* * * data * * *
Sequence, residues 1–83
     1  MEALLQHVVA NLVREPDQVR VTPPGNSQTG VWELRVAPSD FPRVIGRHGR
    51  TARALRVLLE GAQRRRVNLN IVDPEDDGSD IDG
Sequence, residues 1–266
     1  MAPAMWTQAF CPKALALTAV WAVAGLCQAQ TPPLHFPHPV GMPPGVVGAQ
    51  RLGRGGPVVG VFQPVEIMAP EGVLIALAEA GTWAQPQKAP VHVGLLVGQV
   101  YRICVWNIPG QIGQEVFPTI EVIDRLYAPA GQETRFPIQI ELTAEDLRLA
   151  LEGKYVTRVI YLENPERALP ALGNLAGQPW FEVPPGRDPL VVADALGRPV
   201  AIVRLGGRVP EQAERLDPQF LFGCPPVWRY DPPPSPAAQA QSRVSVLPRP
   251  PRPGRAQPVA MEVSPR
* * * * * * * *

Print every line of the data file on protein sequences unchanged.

Sequence, residues 1–83
     1  MEALLQHVVA NLVREPDQVR VTPPGNSQTG VWELRVAPSD FPRVIGRHGR
    51  TARALRVLLE GAQRRRVNLN IVDPEDDGSD IDG
Sequence, residues 1–266
     1  MAPAMWTQAF CPKALALTAV WAVAGLCQAQ TPPLHFPHPV GMPPGVVGAQ
    51  RLGRGGPVVG VFQPVEIMAP EGVLIALAEA GTWAQPQKAP VHVGLLVGQV
   101  YRICVWNIPG QIGQEVFPTI EVIDRLYAPA GQETRFPIQI ELTAEDLRLA
   151  LEGKYVTRVI YLENPERALP ALGNLAGQPW FEVPPGRDPL VVADALGRPV
   201  AIVRLGGRVP EQAERLDPQF LFGCPPVWRY DPPPSPAAQA QSRVSVLPRP
   251  PRPGRAQPVA MEVSPR